I was never supposed to give birth in a hospital, but I found myself there delivering my stillborn son after a home birth gone catastrophically wrong.
The company my doula worked for knew to contact Now I Lay Me Down to Sleep. The nurse told me the photographer would be arriving at 9am, some four or five hours after a 51-hour labor, death, and birth tragedy, but I agreed numbly.
Our NILMDTS photographer, Gwyne, arrived and I wasn’t ready. I was in a haze, my dead baby laid next to me in a clear plastic bassinet. I woke up to his sweet silhouette a few times in the short rest I got overnight. My hair was a mess, I knew I probably looked like proper hell. But we rallied and we got to take Miles out of his bassinet.
The outfit we put him in before bed was way too big for him, so we put him in something a little more fitting, and Gwyne took photos. She got photos of us holding him, changing him, and crying over him. I thought I would hate how I looked, but somehow my wavy hair fell to the side and the nest that was the back of my hair stayed out of most of the photos. Mental note: I should have packed a comb in the hospital bag I never intended on using.
When you leave your baby at a hospital, watching a security guard roll the bassinet out of the room, knowing he’s going straight to the morgue, your heart rips out right there and gets placed in that bassinet to never return. The next thing you know, you’re being rolled out the front doors with nothing but a bag filled with a memorial box, a folder containing some pamphlets, discharge documents, paperwork for a funeral home, and books on grieving. You get in the car with your partner, trying to avert your eyes from the car seat all ready and set up in the back seat, and drive home. It’s quiet at first. We stopped for vegan tacos and coffee because I could drink a sugary latte again because nothing mattered anymore.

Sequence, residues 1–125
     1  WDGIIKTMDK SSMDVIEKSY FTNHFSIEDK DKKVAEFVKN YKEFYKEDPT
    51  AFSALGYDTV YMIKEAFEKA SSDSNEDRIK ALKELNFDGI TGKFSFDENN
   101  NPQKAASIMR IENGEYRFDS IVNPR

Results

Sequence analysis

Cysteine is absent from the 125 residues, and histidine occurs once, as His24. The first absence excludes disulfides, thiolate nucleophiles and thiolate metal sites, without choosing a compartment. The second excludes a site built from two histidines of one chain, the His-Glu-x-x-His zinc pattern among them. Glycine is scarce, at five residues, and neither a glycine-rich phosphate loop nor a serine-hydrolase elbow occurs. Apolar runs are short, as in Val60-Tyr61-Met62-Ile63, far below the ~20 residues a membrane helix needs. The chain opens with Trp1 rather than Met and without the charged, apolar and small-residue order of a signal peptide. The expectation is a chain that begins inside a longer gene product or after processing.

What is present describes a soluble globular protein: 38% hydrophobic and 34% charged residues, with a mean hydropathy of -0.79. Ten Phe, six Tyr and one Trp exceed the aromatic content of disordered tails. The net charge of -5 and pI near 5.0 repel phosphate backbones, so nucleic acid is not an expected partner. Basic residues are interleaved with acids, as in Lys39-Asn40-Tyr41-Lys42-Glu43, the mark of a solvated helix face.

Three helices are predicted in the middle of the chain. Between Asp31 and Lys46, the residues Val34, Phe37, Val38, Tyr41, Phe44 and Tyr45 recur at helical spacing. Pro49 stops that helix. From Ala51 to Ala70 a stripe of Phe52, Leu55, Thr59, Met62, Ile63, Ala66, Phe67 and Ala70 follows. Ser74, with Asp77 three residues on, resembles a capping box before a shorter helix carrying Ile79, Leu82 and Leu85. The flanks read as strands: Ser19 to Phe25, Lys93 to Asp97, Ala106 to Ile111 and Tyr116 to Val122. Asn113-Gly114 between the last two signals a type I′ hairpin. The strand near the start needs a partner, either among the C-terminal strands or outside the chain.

Fast forward 2 1/2 weeks and the images were in my email inbox. The photos turned out beautifully. Within 2 weeks of receiving the digital gallery, everyone in our immediate family had the images in their inboxes too.
Grief looks different to the people within a family. The emotions, and how photos are handled, are so varied.
One of my sisters, unprompted, ordered a photo on her own and hung it in her entryway. I saw it hanging there when I visited 7 months later.
My Mom shared it with an organization that made the photo into a couple of buttons and she gifted one back to me.
When one of my aunts saw a photo of Miles on Facebook, she asked me to send her more.
I never knew what my in-laws did, so this Christmas I went out on a limb and printed small photos from the NILMDTS shoot, framed them, and sent them.
My Mother-in-law thanked me and said she cherishes it.
My Father-in-law said he won’t put up the photos stating they are too painful to look at and wanted to know my intention for sending them.
My Sister-in-law immediately put the photo up in her office and said that’s where it will stay.
Every time I post an image of Miles on social media a friend will thank me for sharing him with them.
Some will display photos of deceased babies proudly and some will never share a word after seeing them, like my Dad.
I look at Miles’ photo and think “he is so cute”. How could I not share him?
I’m proud of my baby. He will forever be my son, my firstborn.
Photos from NILMDTS help to keep death from being shoved into the past, and bring our son into the present and future. I will forever be grateful to have these images and feel so fortunate that NILMDTS exists, and someone thought to gift this amazing treasure to me.
Heather and Alex’s son Miles died on 4.23.2019 at home and was delivered 14 hours later.